WAR MEMORIALS: As the world attempted to come to terms with the loss of loved ones during the war, the need for a focal point of national mourning became apparent. This was noticed and in London a temporary structure made of wood and plaster designed by Sir Edwin Lutyens, in the form of a cenotaph stood.
The cenotaph attracted more than a million people, who left behind 100,000 wreaths over a period of four days. The year later the temporary cenotaph was replaced with a permanent structure made from Portland stone.
Experienced coinage artist John Bergdahl said “When I began working on this series I remember reading the inscription on the Cenotaph at Whitehall, ‘The glorious dead’. Looking back at these devastating battles you can’t help but feel that there is nothing glorious about war.”
“When I turned to the Armistice, I wanted to create something formal, and in the end I opted to show the Cenotaph itself. It is a formal, solemn piece of architecture that simply speaks for itself. When we think of remembrance, it is where our thoughts turn.”
IMPERIAL WAR MUSEUMS: The Imperial War Museum was founded on 5 March 1917 when the War Cabinet approved a proposal by Sir Alfred Mond MP for the creation of a national war museum to record the events still taking place during the Great War.
Today, the Imperial War Museum is a leading authority on conflict and its impact, focusing on Britain, its former Empire and the Commonwealth, from First World War to the present.
Military artist David Rowlands said, “The Imperial War Museum in London was set up before the end of the war, with the intention of collecting items from battlefields, among other things, like photographs and so on, so that the war could be experienced to a certain extent in a physical form.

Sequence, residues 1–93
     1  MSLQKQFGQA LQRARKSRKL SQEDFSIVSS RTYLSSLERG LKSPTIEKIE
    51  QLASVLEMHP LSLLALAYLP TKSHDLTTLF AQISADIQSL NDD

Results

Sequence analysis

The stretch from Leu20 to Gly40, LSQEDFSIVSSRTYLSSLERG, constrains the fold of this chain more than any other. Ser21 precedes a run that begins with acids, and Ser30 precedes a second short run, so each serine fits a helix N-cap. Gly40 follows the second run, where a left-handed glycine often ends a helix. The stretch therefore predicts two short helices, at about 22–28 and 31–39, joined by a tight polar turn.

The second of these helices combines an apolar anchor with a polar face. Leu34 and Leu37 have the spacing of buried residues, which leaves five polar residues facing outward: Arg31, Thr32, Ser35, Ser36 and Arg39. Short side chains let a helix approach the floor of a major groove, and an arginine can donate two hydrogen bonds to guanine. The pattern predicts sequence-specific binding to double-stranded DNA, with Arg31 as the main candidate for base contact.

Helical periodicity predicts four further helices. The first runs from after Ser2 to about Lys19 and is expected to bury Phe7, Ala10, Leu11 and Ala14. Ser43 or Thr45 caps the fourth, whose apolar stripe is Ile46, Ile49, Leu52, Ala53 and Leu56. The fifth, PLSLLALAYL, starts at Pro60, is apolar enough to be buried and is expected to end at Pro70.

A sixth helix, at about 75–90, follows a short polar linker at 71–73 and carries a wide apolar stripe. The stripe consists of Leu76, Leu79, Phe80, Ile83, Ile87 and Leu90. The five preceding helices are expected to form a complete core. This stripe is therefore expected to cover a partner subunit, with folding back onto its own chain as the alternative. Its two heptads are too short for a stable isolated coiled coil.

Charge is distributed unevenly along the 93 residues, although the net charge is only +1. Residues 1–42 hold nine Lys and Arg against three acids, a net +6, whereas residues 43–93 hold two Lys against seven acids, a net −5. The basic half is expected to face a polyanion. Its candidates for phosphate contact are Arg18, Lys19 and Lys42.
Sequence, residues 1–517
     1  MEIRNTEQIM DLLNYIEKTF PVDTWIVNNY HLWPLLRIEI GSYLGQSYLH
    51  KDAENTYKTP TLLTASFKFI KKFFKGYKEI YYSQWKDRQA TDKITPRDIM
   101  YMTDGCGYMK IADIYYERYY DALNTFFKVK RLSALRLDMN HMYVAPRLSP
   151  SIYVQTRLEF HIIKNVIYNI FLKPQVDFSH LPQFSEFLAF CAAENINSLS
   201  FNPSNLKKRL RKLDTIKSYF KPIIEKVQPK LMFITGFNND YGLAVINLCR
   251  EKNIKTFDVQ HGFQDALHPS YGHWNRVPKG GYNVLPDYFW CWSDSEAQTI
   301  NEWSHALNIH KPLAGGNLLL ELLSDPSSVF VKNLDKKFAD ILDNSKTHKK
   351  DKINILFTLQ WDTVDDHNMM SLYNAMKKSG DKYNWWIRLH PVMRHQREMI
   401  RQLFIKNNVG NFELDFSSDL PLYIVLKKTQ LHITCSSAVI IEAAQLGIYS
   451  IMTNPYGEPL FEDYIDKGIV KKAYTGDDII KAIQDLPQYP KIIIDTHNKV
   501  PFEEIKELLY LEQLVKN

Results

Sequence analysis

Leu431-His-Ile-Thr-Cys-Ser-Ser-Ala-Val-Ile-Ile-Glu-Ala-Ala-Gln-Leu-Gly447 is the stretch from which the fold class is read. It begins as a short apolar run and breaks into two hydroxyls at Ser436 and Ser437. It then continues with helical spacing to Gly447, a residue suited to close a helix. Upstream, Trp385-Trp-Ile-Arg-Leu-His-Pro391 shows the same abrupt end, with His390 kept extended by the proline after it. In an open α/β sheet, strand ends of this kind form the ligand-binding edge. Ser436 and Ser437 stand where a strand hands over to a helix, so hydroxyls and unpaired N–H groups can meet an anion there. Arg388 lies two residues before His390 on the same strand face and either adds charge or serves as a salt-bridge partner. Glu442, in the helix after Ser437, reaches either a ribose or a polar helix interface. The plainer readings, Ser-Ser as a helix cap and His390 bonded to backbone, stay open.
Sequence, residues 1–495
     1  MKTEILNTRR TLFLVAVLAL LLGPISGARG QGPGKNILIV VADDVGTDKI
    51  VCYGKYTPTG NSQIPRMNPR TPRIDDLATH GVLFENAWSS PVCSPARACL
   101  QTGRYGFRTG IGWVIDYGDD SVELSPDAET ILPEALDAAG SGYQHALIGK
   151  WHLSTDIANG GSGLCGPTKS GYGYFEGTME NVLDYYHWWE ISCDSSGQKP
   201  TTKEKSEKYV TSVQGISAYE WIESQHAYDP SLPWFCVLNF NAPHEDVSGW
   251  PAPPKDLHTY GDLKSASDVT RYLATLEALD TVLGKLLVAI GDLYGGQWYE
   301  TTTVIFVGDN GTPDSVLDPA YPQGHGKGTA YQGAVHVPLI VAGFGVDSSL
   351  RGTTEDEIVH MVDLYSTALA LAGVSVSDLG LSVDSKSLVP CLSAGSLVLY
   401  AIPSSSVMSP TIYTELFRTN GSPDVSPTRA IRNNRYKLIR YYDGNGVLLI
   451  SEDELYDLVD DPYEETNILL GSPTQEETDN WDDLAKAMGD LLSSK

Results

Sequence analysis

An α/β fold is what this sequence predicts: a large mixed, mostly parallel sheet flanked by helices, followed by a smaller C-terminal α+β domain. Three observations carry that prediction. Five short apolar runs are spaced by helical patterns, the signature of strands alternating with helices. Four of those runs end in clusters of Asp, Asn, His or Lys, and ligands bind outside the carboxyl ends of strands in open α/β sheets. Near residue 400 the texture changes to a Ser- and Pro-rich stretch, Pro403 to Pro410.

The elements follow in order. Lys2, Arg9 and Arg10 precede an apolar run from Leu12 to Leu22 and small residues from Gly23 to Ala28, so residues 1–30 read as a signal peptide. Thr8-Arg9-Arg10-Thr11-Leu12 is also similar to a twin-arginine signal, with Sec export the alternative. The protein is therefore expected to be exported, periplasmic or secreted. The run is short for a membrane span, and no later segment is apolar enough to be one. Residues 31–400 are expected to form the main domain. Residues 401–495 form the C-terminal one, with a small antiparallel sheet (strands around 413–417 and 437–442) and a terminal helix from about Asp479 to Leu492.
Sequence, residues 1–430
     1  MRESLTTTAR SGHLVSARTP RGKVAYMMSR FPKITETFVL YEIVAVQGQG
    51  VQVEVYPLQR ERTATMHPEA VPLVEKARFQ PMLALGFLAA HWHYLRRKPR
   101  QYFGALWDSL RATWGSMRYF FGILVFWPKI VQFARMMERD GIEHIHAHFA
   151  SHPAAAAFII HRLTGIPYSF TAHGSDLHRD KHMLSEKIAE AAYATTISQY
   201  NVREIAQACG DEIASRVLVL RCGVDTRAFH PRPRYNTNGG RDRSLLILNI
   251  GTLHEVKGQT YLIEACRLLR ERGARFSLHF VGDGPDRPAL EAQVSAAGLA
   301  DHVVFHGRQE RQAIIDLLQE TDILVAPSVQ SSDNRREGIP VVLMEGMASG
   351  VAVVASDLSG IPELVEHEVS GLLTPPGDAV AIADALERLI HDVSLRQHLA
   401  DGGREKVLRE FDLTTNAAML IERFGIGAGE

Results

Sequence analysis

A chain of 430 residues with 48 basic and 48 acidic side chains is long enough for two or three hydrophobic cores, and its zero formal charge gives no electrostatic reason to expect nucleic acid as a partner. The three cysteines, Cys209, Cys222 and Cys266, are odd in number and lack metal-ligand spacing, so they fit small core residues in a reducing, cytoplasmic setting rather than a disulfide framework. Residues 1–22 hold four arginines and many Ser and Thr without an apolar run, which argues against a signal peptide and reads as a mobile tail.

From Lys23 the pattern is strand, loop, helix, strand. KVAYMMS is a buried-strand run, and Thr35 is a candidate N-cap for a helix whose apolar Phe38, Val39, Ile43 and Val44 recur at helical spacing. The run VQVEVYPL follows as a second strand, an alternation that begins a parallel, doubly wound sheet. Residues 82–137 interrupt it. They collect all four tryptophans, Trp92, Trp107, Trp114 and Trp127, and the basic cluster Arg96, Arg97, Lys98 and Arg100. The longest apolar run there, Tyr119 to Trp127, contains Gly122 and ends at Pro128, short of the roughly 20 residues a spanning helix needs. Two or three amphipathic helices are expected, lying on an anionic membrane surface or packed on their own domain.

“Most visitors to the museum would have been touched by the war – they would have lost friends and relatives, or had loved ones wounded in action – and this would give them a physical experience of what those close to them had been through. It struck me that this was the only way to do that in those days. There was no television, of course, and the men who returned spoke little of what they had endured. The Imperial War Museum in London for me was not just a museum, it was really trying to convey a message, and preserve memories.”
COMMONWEALTH WAR GRAVES: The history of the Commonwealth War Graves began in the First World War. The Imperial War Graves Commission was established to bury and commemorate the dead and the missing.
Sculptor David Cornell honours the Imperial War Grave commission with his design. David said, “My design shows the cross of sacrifice with the inverted sword which represents the faith of the majority of the dead. The cross is surrounded by graves of the unknown warriors of many different faiths and beliefs. I wanted the design to be emotive and portray the same feelings I get when I see the graves of so many thousands of unknown soldiers.”
POPPIES: The poppy became a symbol associated with remembrance of the First World War when it flourished in the soil churned up by artillery fire.
Artist Edwina Ellis said of her inspiration behind the design “Wild poppies and cornflowers germinate in disturbed soil and they are pioneers – the tragic metaphor of their burgeoning in the battlefields was not lost on fighting troops. These wildflowers can be seen in photographs of trenches and were often described, most memorably by Robert Graves.
“There were small trench gardens tended by troops, especially by Germans, and it is good to feel there is a symbol for all those fallen that does not dissemble. I wanted a real, wild poppy on the design to symbolise the exact poppies those fighting men saw, tended, or watched grow over their mates’ makeshift graves.”